Bringing the English Civil war to life

From the Diggers’ lunacy to Cromwell’s moral emptiness, the aim of TV drama The Devil’s Whore is never less than true.

James Heartfield

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There used to be a listings magazine in London called City Limits – a more ‘radical’ Time Out – that was so unerringly wrong about everything that you could tell what was a good film to see by its terrible review there.

Today, the same service is offered by the BBC TV’s Newsnight Review. So when glum-faced novelist Julie Myerson and big-haired columnist Sarfraz Manzoor tut-tutted at Channel 4’s English Civil War drama, The Devil’s Whore, it was sure to be good. And what about their fellow rent-an-opinion, the dour Scots crime writer Iain Rankin? ‘Ah doon’t knoo much aboot tha’ English Civil War’, he told us, which is not a crime in itself, but hardly something to boast about – not in the same week that Barack Obama was breathing life into those self-same values of democracy and liberty that were first made flesh in the fight between Charles I and Oliver Cromwell.

The truth is that many attempts to dramatise or televise the civil wars that wracked Britain throughout the 1640s have not come off. Ken Hughes’ 1970 film Cromwell was blessed with heroic Richard Harris as the Roundhead leader and creepy Alec Guinness as the King, but it dragged, as Harris mooned all over the place. Historian Tristram Hunt’s documentary series The English Civil War was ruined by too much showing off, and a 1999 drama documentary, The Civil War: England’s Fight for Freedom, was killed by the nasal narration of Jeremy Hardy.

Channel 4’s The Devil’s Whore puts life into the conflict because it has cut back on the battle re-enactment scenes and got in close on the leading characters: Leveller leader Thomas Rainsborough (seemingly bumped off here by Cromwell, not Royalists, as history records) played by handsome Michael Fassbender (currently on the big screen as Bobby Sands in Hunger); Cromwell, of course, played by Dominic West, The Wire‘s Jimmy McNulty; and Peter Capaldi out-creeping Guinness as the arrogant king. ‘I am mistook?’, Charles I says, conveying the logical impossibility of such a proposition.

The route into the main characters, though, is provided by two principal intermediaries: the fictional Angelica Fanshawe (doe-eyed Andrea Risborough) and loyal soldier Edward Sexby (John Simm). Fanshawe’s fight to be reckoned as a person, not just a woman, pushes the drama along in such a way that we are able to understand the seventeenth-century fixation on freedom of conscience as more than a cliché.

Peter Flannery, the writer of The Devil’s Whore, whose morose Our Friends in the North got the end of socialism just right in the 1990s, has likewise caught the mood and the language of the 1640s. When he drops Rainsborough’s famous quote that ‘the poorest he that is in England hath a life to live, as the greatest he’, the script is not disturbed. He knows the history well enough to sympathise with the extremists of the revolution, the Diggers, but still suggest that they were, in the end, hysterical loons. He tells the story of the massacre at Drogheda without letting it outweigh what the revolution was about. Strikingly, he makes ‘Honest’ John Lilburne, the Levellers propagandist, grow from clown to giant in the courtroom.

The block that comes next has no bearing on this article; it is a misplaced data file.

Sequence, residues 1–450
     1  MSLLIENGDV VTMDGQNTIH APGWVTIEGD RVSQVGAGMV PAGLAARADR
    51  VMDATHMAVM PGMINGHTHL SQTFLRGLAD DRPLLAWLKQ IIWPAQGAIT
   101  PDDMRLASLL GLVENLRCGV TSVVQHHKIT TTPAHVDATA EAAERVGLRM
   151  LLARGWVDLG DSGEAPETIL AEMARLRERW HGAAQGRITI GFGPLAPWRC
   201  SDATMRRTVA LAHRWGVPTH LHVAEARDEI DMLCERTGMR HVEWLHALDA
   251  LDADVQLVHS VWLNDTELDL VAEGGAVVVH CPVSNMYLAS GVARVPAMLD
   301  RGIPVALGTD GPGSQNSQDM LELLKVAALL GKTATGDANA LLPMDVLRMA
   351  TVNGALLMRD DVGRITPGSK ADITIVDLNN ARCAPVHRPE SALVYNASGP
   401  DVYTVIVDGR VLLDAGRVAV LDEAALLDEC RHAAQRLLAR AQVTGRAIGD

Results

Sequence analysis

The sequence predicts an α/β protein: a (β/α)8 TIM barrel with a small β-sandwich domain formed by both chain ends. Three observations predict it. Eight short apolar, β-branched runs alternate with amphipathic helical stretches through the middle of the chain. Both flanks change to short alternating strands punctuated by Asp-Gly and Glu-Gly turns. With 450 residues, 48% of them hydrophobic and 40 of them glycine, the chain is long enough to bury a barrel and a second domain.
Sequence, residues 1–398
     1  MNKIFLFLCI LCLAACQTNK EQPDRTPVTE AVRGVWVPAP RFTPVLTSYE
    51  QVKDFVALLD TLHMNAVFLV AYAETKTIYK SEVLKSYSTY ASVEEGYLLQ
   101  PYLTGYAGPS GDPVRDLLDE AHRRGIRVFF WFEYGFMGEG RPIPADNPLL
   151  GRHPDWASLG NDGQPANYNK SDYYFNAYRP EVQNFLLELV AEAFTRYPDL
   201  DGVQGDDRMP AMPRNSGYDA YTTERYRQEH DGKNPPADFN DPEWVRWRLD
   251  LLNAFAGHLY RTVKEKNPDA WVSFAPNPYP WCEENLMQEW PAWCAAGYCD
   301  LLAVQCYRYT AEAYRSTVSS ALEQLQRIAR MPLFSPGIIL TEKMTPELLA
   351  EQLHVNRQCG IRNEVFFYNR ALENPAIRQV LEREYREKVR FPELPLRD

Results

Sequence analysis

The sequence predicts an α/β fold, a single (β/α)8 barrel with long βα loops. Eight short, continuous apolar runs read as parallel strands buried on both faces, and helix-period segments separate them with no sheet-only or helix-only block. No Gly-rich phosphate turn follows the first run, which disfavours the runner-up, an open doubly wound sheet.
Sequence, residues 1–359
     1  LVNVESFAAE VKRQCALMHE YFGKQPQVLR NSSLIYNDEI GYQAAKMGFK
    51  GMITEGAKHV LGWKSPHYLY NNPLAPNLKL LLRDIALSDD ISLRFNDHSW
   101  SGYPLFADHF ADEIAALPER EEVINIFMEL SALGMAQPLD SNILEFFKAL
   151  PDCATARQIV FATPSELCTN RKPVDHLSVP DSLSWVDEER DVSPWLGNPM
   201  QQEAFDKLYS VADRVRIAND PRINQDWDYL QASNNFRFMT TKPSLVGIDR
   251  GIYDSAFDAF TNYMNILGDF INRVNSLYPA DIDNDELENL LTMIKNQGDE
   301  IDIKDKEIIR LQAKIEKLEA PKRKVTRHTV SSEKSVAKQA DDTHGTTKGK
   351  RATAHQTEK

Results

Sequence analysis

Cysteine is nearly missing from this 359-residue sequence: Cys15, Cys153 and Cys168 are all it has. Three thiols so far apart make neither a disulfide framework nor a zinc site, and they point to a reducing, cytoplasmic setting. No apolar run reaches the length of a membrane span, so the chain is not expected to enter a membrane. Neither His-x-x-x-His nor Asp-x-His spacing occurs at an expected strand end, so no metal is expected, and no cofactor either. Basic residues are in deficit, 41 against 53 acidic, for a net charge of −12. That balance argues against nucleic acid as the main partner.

But best of all he catches the eerie moral absence that is Cromwell. In his Cromwell memoir God’s Englishman, Christopher Hill tells the story – just shown in episode three of The Devil’s Whore last night – of the point at which Cromwell works out that he must slaughter the ringleaders of the New Model Army mutinies. From his letters we know that Cromwell was genuinely worried about what he was doing, and even saw the appeal and coherence of the Levellers’ arguments. He knew that they were only drawing out the logical meaning of the revolution. But he knew too that the logical meaning was without any real basis, and that he had to crush their dreams. In his letters, Cromwell explains that he cannot fault their arguments, but chooses instead to put himself in the hands of ‘providence’: meaning he gives over reason to intuition, and determines to crush the revolt to retain control of the army. It is a gruesome moment of Realpolitik that Dominic West wears lightly, as if he was watching something unfolding somewhere else.

James Heartfield was writing in the shadow of Ireton House, just down the hill from the site of Andrew Marvell’s cottage. His latest book Green Capitalism: Manufacturing Scarcity in an Age of Abundance is available to buy directly from his website at

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